We do seem to stand at a turning-point in human history. For the first time we can really see how our God-given creative energy, our ability to make things, also involves destruction. In the past it didn’t matter as much, but now there are so many of us and our activities are so all-pervading that unless we deliberately make different choices, we will very soon destroy the resources we rely on. Those choices involve how we make our energy, what we consume and what we throw away, what we eat, how often we use the car or travel by plane, even the size of our families; how we will deal with the changes that will probably begin happening by the middle of this century, as millions of people move around the world in search of mere survival: whether we react with justice or with fear.

Seen from a Christian point of view, the climate emergency is about whether we are willing, as individuals and as a society, to live by what have always been very basic Christian virtues: truth, love, and sacrifice. Even if, as seems to me quite likely, we don't make it through, it brings us towards that last moment when good and evil are revealed in complete clarity. It will be the greatest, and maybe final, test of what human beings want to be.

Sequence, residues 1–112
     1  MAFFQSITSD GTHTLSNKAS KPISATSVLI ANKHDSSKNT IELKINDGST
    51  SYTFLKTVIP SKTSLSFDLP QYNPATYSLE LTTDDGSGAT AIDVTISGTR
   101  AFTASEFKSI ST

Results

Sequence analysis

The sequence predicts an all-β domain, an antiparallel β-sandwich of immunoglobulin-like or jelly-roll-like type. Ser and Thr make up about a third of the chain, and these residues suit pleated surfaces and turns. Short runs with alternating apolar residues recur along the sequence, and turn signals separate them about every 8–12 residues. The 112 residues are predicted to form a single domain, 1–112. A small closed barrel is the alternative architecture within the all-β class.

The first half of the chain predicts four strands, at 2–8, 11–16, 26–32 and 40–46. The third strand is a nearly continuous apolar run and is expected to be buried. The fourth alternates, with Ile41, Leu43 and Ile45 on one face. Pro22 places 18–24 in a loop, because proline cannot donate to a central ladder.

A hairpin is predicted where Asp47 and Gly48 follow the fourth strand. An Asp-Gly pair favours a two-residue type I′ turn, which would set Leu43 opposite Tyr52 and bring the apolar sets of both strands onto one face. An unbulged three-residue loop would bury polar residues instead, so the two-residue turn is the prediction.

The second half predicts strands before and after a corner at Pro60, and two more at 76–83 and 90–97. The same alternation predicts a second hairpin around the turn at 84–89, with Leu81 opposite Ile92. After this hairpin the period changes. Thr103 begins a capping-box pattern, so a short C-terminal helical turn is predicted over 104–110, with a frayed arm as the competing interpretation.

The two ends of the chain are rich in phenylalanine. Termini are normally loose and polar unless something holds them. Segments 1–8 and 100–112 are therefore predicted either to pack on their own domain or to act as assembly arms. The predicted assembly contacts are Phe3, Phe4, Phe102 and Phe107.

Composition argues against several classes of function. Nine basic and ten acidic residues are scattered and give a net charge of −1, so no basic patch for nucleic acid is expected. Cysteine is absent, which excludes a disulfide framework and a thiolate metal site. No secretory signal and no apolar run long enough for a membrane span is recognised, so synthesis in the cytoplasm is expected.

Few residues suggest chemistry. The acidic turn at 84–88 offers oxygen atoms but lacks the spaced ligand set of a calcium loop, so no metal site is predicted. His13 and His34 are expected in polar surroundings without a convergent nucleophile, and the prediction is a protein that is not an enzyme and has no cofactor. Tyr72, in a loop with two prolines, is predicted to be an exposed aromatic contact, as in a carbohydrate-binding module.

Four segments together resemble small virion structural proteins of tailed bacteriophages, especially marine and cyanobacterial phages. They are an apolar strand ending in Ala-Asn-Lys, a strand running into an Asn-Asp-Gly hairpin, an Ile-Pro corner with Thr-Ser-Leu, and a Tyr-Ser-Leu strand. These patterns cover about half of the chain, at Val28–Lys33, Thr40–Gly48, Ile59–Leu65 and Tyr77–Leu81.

Tuesday, 21 May 2019

Nunhead Cemetery Open Day 2019

Can it really be twelve years since I first went to the Open Day at Nunhead Cemetery? It was my first outing with London Gothic, the occasion I met Lady Minster and the Young Lord Declan, Ms Kittywitch and Lady Wildwood, who have become such good friends. It poured with rain that day back in 2007, while Saturday's weather was rather better than the forecast. Still, I've been often enough to make taking new views of the monuments difficult, and I find myself wandering off the main paths and picking my way through the undergrowth, which you shouldn't really do. I discovered, among other things, a faceless stone dog poking its tongue out, and a weird drum-like tomb with six diminutive memorial stones round its base, part-swallowed in ivy and very hard to photograph. I'd never come across anything quite like it. 

The moods of the main avenues do change, of course, and there are always the other visitors to the cemetery to add some interest. The Goth lady out with her son in the snap below was actually finding it very hard to detach the yappy little dog from her skirt, while its owner, sat on a bench out of sight in this image, made unhelpful comments. 

I gatecrashed a tour of the chapel undercroft, a dank, dripping space full of disappointingly modern coffins ('Even the marine ply finds it tough standing up to the damp' commented the guide).